Stress Free Holidays Part 5
Thanksgiving Planning This Week

Thanksgiving planning time is now upon us in week 5 of this series. Follow these steps for a stress free Thanksgiving with your family.

Week #5 of the Stress Free Holidays Challenge is all about cleaning up from Halloween, plus Thanksgiving planning and a little more Christmas preparation, plus it includes free printables and organizing tips {on Household Management 101}
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Special Note For 2023

How was your Halloween, or really, your Halloween prep, since this Challenge this year falls a few days before Halloween? Hopefully the preparation has been lots of fun, minus the stress, with your planning ahead of time, and now you're ready to enjoy the big day on Tuesday.

My family has had a good time this year, so far, and we hope the actual day will be fun too. We're planning to do some Halloween trivia (we're a fan of trivia in this house), as well as watch some scarier movies, since the kids are now a bit older. Last weekend we painted pumpkins, made some hot apple cider and made some fall cookies.

Since Tuesday is Halloween, make sure that the part of the challenge below where I suggest you clean up Halloween gets put off at least until Wednesday, November 1st, obviously!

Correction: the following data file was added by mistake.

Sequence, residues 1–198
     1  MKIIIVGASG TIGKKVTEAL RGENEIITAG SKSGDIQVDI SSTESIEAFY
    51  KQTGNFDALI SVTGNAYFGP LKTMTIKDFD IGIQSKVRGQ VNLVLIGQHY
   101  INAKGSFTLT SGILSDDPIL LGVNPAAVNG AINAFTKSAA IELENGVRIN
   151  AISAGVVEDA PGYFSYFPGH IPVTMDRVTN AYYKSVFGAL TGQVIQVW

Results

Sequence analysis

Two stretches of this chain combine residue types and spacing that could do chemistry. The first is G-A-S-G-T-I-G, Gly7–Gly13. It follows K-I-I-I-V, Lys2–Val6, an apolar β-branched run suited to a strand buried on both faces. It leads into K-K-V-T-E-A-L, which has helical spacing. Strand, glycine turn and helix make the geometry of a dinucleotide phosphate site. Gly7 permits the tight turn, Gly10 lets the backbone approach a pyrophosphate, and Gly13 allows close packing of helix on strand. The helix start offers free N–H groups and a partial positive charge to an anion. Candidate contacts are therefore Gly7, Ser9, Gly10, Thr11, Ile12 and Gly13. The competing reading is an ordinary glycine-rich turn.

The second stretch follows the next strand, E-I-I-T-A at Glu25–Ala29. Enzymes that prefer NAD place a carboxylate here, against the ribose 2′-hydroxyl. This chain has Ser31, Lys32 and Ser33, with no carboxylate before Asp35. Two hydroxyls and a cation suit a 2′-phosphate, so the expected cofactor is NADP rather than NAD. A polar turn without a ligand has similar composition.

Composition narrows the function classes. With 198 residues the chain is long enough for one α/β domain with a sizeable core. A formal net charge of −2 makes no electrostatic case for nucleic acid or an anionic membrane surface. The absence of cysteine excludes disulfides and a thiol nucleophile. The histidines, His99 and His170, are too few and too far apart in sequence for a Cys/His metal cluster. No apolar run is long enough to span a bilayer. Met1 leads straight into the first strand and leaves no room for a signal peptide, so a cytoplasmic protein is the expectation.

And then, once Halloween is over, it will be time to start to focus on Thanksgiving, which is something we'll do this week of the Challenge.

We will also still be working on our preparations for Christmas as we go along.

As always, if something I'm suggesting you do this week in the challenge doesn't make sense for your family, or you don't want to or enjoy doing one of these things, then don't do it, or change it to work for you, or be creative and do something else that will work!

There's no one right way to celebrate, so enjoy it, however works best for your family this year!

Halloween Task For This Week: Clean It Up!

halloween decorations
Photo by Free Flower

Once each holiday is over comes the task of putting up all the decorations and putting away all the stuff that went with that holiday. Halloween is no exception.

In a previous week of this series I asked you to get out all your decorations for Halloween slowly, over the whole week. Now I'm asking you to do the reverse -- put up your decorations slowly, over the course of the week.

While you're at it, try to save yourself headaches and hassles next Halloween season by throwing or giving away any decorations you know you won't use again, and putting everything else away in an organized fashion.

Ideally, you'll have one or two storage tubs or boxes to place all your Halloween related stuff in to make it easy for yourself next year. You should put not only your decorations in this storage container, but also your pumpkin carving kit, pumpkin patterns, and anything else you need to use only at Halloween to keep it all in one place.